Joe Biden Could End Up Being A Wartime President

Notwithstanding his pledges of uplift and healing, history suggests post-pandemic peace is rare, and Democratic wars are not.  

Former Vice President Joe Biden, presumptive Democratic presidential nominee, wears a protective mask while exiting a campaign event in Wilmington, Delaware, U.S.(Photographer: Stefani Reynolds/Bloomberg)
Former Vice President Joe Biden, presumptive Democratic presidential nominee, wears a protective mask while exiting a campaign event in Wilmington, Delaware, U.S.(Photographer: Stefani Reynolds/Bloomberg)

(Bloomberg Opinion) -- Successful Democratic candidates for the presidency of the United States invariably campaign with promises of domestic largesse and moral uplift. They nearly always end up taking their country to war. Can Joe Biden be a rare exception to that rule, if he succeeds in defeating Donald Trump on November 3? That will depend not just on how well he and his national security team conduct U.S. foreign policy. It will also depend on how stable the world around them is. The bad news is that post-pandemic peace is another historical rarity.

First, the Democratic Party’s amazing century-plus track record of running on progressive policies and then going to war. Consider Woodrow Wilson, reviled by today’s progressives for his racist views, but nominated and elected in 1912 as a progressive.

Wilson’s acceptance speech at the Democratic convention in Baltimore was a classic in the genre of American uplift. “We must speak,” he told the delegates, “not to catch votes, but to satisfy the thought and conscience of a people deeply stirred by the conviction that they have come to a critical turning point in their moral and political development. We stand in the presence of an awakening Nation, impatient of partisan make-believe. … Nor was the country ever more susceptible to unselfish appeals to the high arguments of sincere justice.”

“The Nation has been unnecessarily, unreasonably, at war within itself,” declared Wilson. But now “the forces of the Nation are asserting themselves against every form of special privilege and private control, and are seeking bigger things than they have ever heretofore achieved. They are sweeping away what is unrighteous in order to vindicate once more the essential rights of human life.”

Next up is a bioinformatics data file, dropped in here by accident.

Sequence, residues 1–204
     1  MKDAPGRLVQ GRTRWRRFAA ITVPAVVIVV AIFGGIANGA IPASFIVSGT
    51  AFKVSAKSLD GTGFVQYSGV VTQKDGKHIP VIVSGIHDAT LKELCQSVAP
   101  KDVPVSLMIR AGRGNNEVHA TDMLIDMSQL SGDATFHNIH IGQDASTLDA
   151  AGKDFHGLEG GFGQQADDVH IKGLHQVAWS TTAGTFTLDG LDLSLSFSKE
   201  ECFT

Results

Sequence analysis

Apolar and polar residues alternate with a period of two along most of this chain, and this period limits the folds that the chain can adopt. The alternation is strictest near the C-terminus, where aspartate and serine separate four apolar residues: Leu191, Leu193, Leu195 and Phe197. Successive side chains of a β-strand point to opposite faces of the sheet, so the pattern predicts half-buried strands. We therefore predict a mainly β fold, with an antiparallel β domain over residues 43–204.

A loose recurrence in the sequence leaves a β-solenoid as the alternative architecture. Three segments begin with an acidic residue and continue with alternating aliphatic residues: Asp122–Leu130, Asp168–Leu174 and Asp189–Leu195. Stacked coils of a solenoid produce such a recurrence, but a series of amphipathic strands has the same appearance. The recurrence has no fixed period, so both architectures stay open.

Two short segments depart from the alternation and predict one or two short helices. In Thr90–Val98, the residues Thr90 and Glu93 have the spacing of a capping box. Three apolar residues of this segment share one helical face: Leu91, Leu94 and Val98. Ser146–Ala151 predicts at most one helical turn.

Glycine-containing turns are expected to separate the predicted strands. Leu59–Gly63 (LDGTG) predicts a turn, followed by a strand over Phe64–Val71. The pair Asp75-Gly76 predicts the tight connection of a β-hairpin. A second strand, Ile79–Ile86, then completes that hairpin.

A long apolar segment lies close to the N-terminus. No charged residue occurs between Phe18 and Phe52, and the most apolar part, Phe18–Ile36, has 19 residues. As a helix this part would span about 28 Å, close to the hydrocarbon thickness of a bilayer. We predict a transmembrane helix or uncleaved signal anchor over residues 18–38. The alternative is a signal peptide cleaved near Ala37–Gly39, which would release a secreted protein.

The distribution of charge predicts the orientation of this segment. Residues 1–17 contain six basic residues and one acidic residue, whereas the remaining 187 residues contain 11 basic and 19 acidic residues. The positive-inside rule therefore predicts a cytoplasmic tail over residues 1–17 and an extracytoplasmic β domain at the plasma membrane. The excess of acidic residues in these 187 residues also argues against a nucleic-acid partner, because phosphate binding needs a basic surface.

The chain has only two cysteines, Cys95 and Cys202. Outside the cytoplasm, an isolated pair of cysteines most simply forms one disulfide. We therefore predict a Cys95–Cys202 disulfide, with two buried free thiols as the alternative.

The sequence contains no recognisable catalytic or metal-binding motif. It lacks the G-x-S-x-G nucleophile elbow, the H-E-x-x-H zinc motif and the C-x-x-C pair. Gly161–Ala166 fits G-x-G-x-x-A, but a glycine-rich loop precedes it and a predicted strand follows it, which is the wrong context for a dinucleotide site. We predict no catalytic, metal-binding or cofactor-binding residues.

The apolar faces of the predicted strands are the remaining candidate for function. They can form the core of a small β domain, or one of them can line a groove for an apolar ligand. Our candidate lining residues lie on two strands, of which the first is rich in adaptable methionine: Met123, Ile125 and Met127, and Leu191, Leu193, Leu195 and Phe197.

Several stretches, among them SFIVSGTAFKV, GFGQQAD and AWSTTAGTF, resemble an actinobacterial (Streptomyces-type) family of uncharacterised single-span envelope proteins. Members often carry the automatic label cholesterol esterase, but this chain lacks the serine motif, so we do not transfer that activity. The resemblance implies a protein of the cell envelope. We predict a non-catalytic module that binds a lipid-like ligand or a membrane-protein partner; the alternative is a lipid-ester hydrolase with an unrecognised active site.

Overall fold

In office, Wilson offered progressive policy as well. His “New Freedom” agenda cut protectionist tariffs, introduced the first federal income tax, passed the Clayton Antitrust Act and created the Federal Trade Commission, not to mention the Federal Reserve. Reelected partly on a pledge to keep the United States out of World War I, however, he did just the opposite in April 1917.

The pattern repeated itself for the next hundred years. Franklin Delano Roosevelt was swept to power amid the Great Depression with the promise of a New Deal. “Let us now and here highly resolve,” FDR told his fellow Democrats at their 1932 convention in Chicago, “to resume the country’s interrupted march along the path of real progress and of real justice and of real equality for all our citizens, great or small.” Uplift was duly followed by a raft of legislation designed to reduce poverty and inequality by increasing the power of the federal government. Despite even stronger anti-war sentiment than Wilson had faced, Roosevelt led the United States into World War II in 1941.

Harry Truman’s acceptance speech at Philadelphia in July 1948 continued the tradition: “The Democratic Party is the people’s party, and the Republican party is the party of special interest, and it always has been and always will be. … In 1932 we were attacking the citadel of special privilege and greed. We were fighting to drive the money changers from the temple. Today, in 1948, we are now the defenders of the stronghold of democracy and of equal opportunity, the haven of the ordinary people of this land and not of the favored classes or the powerful few.”  Having won a famous surprise victory over Thomas E. Dewey, Truman unveiled his domestic “Fair Deal” early in 1949. Less than 18 months later, North Korea invaded South Korea and America was back at war.

John F. Kennedy and Lyndon Johnson between them set new standards for both rhetorical uplift (Kennedy) and progressive legislation (Johnson). Yet by 1968 neither his civil rights legislation nor the Great Society could salvage Johnson’s presidency from the wreckage of the war in Vietnam.